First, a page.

Acquiring funding for your own research ideas, gaining experience in various working groups or presenting your research findings at international conferences – these are all important steps on the career ladder in science. 15 junior researchers at the University of Münster have now received nearly 20,000 euros in funding for this purpose. They each carry out research on how cells behave in organisms using innovative imaging methods. The funding has been provided by the Cells in Motion Interfaculty Centre of the University, which brings together and supports scientists undertaking research in this field.
An example: creating a fully automated system for analysing sperm motility
In a joint research project, four young scientists from computer science and biology want to develop an imaging system capable of evaluating sperm motility, an important factor for assessing male fertility. “At present, in clinical practice, we analyse semen samples manually because this produces more reliable results than computer-assisted methods,” explains Samuel Young, a doctoral student in biology who is working in the field of reproductive medicine. “Furthermore, in about 15 percent of our infertile patients, none of the existing analytical methods are able to detect any difference when comparing their sperm to those of fertile men. However, we assume that there are very subtle differences in swimming behaviour of the sperm.” The scientists want to build a prototype of a fully automated, time-saving testing system which is more sensitive than existing procedures. “It is very cool to see what solutions can be found when different disciplines work together,” says biologist Dr Matthias Kiel. The team's idea is a kind of mini-microscope that incorporates two specific cameras embedded with innovative software. One of these cameras reacts to the movement of the sperm, thus optimising image definition. The other camera records so-called light polarisation – i.e. the oscillation direction of light waves that are reflected by the sperm. This property of light is invisible to the human eye, which only perceives brightness and colour, and the additional information is expected to help precisely distinguish individual sperm from their surroundings. To be able to process all this information, the team wants to develop software which they will train using artificial intelligence techniques.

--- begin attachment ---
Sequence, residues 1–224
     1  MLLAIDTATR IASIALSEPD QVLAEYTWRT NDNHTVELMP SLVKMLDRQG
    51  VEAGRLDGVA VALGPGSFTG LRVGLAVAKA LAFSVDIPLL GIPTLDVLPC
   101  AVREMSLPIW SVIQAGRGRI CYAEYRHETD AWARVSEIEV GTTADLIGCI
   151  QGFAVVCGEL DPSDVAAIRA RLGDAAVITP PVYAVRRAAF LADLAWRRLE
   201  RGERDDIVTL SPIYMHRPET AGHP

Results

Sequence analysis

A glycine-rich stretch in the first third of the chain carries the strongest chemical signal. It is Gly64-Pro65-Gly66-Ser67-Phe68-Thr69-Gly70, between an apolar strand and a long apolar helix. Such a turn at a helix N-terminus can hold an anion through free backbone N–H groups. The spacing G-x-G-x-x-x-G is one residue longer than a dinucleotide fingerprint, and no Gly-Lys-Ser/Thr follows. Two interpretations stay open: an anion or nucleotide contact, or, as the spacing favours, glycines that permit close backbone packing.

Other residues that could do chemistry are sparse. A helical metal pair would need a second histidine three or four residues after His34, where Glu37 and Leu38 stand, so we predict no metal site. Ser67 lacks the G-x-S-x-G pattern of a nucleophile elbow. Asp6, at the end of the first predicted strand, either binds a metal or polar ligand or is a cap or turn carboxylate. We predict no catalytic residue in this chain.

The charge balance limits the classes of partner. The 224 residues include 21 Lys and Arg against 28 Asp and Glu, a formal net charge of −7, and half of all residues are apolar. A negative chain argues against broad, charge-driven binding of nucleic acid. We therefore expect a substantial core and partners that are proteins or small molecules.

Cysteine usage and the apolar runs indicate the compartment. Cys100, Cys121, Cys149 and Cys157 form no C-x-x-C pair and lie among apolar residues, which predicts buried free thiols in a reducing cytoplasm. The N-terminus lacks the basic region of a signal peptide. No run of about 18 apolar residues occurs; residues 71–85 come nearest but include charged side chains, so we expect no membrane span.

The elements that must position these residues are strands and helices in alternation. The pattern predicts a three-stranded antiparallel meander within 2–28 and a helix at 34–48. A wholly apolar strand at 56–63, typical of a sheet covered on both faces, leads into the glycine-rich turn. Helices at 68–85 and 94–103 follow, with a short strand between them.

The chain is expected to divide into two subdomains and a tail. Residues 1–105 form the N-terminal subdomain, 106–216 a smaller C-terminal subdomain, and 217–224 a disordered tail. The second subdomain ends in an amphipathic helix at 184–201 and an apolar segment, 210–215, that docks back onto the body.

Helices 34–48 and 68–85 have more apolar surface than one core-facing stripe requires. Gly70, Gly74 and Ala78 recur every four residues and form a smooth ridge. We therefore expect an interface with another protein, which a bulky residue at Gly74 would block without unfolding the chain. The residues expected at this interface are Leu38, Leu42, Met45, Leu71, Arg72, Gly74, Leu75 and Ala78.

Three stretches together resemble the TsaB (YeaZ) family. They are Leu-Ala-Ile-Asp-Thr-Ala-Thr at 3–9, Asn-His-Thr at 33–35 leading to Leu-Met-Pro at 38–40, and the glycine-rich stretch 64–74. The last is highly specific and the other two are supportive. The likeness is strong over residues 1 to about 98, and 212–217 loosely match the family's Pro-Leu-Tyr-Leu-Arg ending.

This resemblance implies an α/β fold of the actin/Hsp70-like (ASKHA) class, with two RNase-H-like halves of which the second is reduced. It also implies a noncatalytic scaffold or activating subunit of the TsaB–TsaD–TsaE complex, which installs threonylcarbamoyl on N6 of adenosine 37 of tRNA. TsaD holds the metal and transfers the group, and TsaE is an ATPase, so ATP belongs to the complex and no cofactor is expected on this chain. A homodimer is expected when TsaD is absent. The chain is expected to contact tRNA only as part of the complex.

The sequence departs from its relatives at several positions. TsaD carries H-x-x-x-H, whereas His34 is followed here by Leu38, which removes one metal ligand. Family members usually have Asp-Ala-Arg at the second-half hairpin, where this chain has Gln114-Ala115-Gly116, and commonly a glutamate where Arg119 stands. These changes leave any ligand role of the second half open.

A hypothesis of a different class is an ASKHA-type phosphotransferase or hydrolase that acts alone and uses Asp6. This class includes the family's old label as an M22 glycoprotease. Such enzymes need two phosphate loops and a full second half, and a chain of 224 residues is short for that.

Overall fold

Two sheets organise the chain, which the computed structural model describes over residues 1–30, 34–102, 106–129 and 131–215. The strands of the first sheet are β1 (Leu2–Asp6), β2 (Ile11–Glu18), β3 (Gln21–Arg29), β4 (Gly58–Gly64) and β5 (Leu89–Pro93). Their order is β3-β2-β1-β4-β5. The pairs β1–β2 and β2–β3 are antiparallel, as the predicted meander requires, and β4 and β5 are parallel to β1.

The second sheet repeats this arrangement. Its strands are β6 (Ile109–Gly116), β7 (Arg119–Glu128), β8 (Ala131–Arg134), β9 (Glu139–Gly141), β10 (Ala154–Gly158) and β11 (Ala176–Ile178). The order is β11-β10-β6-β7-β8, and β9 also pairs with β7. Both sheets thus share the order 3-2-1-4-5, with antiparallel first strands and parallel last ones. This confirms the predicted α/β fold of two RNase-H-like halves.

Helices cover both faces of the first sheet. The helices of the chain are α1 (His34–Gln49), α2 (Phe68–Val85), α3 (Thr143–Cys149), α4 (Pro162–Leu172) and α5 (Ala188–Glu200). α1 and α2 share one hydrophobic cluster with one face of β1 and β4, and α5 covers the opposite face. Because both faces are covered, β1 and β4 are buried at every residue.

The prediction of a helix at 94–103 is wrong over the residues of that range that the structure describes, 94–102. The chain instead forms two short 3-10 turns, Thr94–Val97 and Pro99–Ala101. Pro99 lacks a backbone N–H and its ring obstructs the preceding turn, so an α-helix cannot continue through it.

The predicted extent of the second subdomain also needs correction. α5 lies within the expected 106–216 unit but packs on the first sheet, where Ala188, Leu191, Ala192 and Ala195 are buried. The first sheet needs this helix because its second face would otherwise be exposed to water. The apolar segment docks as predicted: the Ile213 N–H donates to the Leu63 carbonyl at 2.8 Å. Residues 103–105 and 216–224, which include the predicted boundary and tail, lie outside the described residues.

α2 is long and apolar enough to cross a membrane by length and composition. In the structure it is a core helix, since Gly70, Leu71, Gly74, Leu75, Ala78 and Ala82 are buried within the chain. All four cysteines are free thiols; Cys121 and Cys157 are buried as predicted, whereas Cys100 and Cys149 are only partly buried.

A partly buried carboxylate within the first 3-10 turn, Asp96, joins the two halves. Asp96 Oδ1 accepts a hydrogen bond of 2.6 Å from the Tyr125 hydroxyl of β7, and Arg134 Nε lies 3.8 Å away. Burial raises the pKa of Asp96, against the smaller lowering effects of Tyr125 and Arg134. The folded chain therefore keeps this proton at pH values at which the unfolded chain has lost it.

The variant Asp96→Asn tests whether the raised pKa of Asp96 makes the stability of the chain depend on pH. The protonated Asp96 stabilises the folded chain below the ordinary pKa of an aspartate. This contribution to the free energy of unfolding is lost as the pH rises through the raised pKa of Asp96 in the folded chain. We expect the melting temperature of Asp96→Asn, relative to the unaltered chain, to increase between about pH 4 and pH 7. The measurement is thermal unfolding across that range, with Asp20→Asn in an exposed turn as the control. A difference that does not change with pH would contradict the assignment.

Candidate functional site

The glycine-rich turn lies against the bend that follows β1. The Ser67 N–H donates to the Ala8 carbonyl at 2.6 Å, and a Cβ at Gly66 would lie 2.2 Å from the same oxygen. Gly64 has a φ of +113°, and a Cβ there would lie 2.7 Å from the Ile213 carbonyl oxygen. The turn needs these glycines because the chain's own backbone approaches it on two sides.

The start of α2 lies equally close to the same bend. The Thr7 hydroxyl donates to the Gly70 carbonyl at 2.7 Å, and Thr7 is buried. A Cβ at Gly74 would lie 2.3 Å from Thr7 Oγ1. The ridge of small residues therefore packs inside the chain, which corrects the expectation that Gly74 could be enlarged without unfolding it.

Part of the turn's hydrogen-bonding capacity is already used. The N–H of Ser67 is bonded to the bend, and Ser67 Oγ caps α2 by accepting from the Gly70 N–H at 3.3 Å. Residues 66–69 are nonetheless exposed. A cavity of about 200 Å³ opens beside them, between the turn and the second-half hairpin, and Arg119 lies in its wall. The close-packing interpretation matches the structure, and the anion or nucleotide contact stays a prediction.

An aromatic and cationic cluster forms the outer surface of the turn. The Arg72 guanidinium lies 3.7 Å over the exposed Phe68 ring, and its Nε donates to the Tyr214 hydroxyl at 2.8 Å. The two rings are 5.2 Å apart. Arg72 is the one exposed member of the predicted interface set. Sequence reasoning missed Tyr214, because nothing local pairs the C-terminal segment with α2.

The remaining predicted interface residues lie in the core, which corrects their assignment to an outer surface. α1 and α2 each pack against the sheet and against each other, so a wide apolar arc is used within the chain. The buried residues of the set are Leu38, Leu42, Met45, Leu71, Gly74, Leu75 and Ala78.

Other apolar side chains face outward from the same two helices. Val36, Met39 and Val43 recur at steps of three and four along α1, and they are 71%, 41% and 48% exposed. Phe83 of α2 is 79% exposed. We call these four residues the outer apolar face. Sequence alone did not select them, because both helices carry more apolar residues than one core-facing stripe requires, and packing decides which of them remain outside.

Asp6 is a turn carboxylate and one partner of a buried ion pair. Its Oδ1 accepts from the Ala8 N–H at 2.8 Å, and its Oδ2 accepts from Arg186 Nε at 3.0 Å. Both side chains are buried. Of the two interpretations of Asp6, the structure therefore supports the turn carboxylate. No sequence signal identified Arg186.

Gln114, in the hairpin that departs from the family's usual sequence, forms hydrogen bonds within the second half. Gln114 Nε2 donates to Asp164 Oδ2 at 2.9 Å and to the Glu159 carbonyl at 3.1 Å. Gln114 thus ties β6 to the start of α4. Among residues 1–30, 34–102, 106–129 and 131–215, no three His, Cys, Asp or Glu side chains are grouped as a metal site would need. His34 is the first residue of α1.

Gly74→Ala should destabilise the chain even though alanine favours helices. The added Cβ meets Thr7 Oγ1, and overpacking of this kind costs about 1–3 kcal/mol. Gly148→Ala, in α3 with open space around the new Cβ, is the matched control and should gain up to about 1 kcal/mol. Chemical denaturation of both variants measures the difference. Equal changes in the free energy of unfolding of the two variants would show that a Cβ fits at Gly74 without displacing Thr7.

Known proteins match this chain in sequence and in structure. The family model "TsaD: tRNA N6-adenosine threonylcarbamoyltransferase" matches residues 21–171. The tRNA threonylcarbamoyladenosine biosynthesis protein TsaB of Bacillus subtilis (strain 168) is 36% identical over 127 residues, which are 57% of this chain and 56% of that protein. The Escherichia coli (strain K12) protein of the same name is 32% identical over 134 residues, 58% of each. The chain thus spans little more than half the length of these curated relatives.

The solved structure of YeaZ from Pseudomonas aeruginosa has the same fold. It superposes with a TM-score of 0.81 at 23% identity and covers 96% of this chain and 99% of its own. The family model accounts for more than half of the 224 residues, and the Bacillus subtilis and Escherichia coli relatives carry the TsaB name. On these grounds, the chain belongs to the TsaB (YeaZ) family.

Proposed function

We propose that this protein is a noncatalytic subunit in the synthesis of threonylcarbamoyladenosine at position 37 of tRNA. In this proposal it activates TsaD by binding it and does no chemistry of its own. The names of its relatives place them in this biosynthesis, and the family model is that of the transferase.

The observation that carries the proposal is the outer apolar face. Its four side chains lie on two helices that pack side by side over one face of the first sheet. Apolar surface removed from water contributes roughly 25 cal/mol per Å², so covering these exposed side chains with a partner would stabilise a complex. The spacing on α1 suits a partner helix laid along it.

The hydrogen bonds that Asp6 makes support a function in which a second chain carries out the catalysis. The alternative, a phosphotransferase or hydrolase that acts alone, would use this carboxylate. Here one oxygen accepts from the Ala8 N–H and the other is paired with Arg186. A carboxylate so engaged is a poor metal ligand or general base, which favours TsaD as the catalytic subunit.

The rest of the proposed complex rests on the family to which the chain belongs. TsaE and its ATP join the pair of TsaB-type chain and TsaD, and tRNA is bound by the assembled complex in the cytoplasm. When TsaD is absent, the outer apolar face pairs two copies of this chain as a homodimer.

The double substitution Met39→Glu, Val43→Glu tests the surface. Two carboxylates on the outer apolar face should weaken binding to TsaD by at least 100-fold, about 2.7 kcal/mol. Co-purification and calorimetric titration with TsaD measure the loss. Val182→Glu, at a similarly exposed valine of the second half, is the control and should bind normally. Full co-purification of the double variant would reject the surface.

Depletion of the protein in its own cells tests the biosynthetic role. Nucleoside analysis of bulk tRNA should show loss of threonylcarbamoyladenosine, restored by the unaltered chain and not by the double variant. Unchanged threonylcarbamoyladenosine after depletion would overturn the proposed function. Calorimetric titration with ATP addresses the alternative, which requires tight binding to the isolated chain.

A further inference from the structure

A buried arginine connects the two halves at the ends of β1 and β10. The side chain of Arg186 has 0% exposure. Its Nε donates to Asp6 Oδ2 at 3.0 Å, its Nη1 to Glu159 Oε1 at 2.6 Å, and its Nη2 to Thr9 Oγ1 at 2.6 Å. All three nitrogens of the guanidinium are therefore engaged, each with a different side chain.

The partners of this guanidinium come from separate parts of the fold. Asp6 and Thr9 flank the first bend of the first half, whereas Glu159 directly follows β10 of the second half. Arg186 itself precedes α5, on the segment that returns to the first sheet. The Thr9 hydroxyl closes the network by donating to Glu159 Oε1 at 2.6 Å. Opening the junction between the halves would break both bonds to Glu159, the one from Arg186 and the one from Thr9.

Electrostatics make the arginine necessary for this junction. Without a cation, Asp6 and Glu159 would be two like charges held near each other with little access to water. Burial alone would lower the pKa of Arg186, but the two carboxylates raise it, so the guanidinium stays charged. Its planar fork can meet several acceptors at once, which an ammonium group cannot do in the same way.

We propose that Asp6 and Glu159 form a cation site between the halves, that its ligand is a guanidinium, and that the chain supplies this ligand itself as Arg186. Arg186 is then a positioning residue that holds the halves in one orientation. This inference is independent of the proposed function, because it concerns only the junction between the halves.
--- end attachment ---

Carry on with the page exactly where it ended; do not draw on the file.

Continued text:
All grants at a glance
Pilot projects – interdisciplinary research projects carried out by PhD students and postdocs
- Lars Haalck (Institute of Computer Science), Dr. Matthias Kiel (Institute of Computer Science), Sebastian Thiele (Institute of Computer Science), Samuel Young (Centre of Reproductive Medicine and Andrology) – Imaging invisible cues of sperm motility: A novel standardized and fully automatic imaging and tracking approach for sperm motility analysis
- Linda Groeneweg (Institute of Immunology), Jonas Schütte (Physics Institute), Dr. Martin Wolff (Physics Institute) – Confocal microscope imaging of immune cells using superconducting single-photon detectors
- Dr. Sebastian Maximilian Schloer (Institute of Medical Biochemistry), Karen Olejua Torres (Institute of Pharmaceutical and Medicinal Chemistry) – Formyl peptide receptors as a druggable target to expand the pool of alveolar and bone marrow derived macrophages
“Train Gain Fellowships” for research stays outside Münster
- Dr. Antonella Russo (Institute of Immunology)
“Travel Awards” for participating in scientific conferences
- Dr. Linda Brunotte (Institute of Molecular Virology)
- Franziska Günl (Institute of Molecular Virology)
- Dr. Eva Korpos (Institute of Physiological Chemistry and Pathobiochemistry)
- Simona Mareike Lüttgenau (Medical Clinic D)
- Dr. Dörte Schulte (Institute for Cardiovascular Organogenesis and Regeneration)